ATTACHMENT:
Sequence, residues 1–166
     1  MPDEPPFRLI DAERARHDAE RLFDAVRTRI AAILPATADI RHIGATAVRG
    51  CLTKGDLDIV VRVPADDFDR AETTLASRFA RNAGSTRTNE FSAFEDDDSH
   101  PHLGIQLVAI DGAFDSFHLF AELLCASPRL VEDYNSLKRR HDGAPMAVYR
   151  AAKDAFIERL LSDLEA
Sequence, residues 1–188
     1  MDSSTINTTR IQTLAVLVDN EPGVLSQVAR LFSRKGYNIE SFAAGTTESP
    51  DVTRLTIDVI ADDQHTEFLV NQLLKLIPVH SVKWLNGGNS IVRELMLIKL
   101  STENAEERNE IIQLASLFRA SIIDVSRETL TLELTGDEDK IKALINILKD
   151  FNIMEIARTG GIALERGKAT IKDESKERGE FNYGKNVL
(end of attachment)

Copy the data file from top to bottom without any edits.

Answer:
Sequence, residues 1–166
     1  MPDEPPFRLI DAERARHDAE RLFDAVRTRI AAILPATADI RHIGATAVRG
    51  CLTKGDLDIV VRVPADDFDR AETTLASRFA RNAGSTRTNE FSAFEDDDSH
   101  PHLGIQLVAI DGAFDSFHLF AELLCASPRL VEDYNSLKRR HDGAPMAVYR
   151  AAKDAFIERL LSDLEA
Sequence, residues 1–188
     1  MDSSTINTTR IQTLAVLVDN EPGVLSQVAR LFSRKGYNIE SFAAGTTESP
    51  DVTRLTIDVI ADDQHTEFLV NQLLKLIPVH SVKWLNGGNS IVRELMLIKL
   101  STENAEERNE IIQLASLFRA SIIDVSRETL TLELTGDEDK IKALINILKD
   151  FNIMEIARTG GIALERGKAT IKDESKERGE FNYGKNVL